The official unemployment rate was 10% in October 2009, when about 140 million people were found to have some sort of job, and now that the same number of people have been found to have some sort of job (140 million), the unemployment rate is now only 8.3%, even though the nation has added roughly 6 million residents to the workforce.

Huh? How can 140 million jobs generate an unemployment rate of 10% in 2009 and 8.3% in 2012 while the workforce and population have grown by 6 million? If anything, the unemployment rate should be higher, since the number of people with jobs has held steady while the number of people without jobs has expanded.

Mish Shedlock has done many an autopsy on the unemployment rate, including this one from Feb. 3: Nonfarm Payroll +243,000; Unemployment Rate 8.3%; Those Not in Labor Force Rose an Amazing 1,177,000.

The labor force and the unemployed have magically declined by millions since the recession was declared over in mid-2009.

The Status Quo con-men are careful not to mention that $6 trillion in Federal borrowing has been squandered since 2009 just to return employment to 2004 levels. And that sum rises by $1.3-1.5 trillion every year as unprecedented quantities of money are borrowed to prop up the Status Quo.

A few years ago, deficits of $300 billion were considered unsustainable; now deficits of $1.3 trillion are accepted with little more than routine political jockeying. The con-men also never mention that this “official” deficit leaves out all supplemental appropriationswhich run into the hundreds of billions of dollars a year for expenditures such as war and bailing out Fannie Mae and Freddie Mac–and now, FHA will be added to the taxpayer bailouts: Housing Agency’s Reserves at Risk FHA losses require taxpayer bailout.

Then there’s the con-men’s masterwork of perception management, the U.S. stock market. As noted earlier this week, much of the stock rally since March 2009 has been attributed to rising corporate profits. Yet a significant share of those profits were smoke-and-mirror illusions created by the Federal Reserve actively depreciating the nation’s currency. Now that the dollar is strengthening, that charade is wearing thin.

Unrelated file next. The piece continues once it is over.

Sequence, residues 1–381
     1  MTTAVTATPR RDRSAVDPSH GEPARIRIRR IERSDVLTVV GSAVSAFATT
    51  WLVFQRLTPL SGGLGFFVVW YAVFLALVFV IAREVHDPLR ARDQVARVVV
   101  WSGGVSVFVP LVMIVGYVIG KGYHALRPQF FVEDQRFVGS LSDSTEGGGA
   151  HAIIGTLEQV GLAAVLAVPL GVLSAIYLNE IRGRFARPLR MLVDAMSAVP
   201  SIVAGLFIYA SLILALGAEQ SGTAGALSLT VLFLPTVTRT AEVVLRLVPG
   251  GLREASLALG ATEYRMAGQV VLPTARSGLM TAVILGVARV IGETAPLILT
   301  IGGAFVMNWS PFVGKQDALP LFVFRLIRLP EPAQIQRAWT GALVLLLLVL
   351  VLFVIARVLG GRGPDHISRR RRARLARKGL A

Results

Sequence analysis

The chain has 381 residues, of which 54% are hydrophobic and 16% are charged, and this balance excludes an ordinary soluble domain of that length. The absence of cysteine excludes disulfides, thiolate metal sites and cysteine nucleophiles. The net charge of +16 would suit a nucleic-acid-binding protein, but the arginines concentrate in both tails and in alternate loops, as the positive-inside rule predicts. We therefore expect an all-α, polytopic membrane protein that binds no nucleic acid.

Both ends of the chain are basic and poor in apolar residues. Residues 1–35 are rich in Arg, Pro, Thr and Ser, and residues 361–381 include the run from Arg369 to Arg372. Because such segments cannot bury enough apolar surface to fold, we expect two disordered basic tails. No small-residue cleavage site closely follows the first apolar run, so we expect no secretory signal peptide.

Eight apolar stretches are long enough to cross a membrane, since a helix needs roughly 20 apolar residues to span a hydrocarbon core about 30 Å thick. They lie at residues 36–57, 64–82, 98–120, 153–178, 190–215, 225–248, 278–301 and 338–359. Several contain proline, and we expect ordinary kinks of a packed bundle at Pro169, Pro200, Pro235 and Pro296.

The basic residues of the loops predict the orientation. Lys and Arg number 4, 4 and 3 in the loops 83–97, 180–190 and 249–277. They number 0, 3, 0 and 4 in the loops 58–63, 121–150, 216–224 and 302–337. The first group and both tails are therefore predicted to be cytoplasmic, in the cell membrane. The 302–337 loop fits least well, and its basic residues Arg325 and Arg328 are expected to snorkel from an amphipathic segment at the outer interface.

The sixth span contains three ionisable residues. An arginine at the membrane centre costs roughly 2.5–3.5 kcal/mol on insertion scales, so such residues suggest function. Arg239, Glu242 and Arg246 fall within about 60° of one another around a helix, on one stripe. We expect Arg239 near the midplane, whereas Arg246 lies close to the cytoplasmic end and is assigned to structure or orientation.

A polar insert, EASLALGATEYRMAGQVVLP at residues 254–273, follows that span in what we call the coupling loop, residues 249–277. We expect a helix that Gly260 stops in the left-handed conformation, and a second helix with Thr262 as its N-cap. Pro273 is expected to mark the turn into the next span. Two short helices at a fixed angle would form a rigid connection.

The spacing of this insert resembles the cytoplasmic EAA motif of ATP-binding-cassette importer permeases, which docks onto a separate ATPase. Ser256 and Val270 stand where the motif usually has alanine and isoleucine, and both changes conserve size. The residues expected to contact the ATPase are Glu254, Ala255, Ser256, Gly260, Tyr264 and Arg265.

Another chunk of those fabulous profits resulted from household incomes declining–that is, people earning less from their labor and savings as corporations kept any net increases for management and shareholders. Since 2007, the year before the most recent recession, real median household income has declined 6.4%. The median household income in 2010 was $49,445, down from $49,777 in 2009 and $52,673 in 2007. In other words, all this “growth” in GDP and profits since mid-2009 has not resulted in any visible improvement in household income, healthcare coverage, or any other metric that has a basis in real life. (Please review ths Census Bureau link above for more.)

So believe the smooth talk about Dow 15,000, strong job growth and rising GDP at your own peril. Ignore declining income, empty storefronts, lower energy consumption and all the other real-world evidence of a contracting, enfeebled, precarious economy if it boosts your all-important “consumer confidence,” but make sure you don’t confuse the con with confidence: the Mercedes is leased, the office a front, the resume a fraud, and the smooth sales pitch a clever fabrication.

If this recession strikes you as different from previous downturns, you might be interested in my new bookAn Unconventional Guide to Investing in Troubled Times (print edition) orKindle ebook format. You can read the ebook on any computer, smart phone, iPad, etc. Click here for links to Kindle apps and Chapter One. The solution in one word: Localism.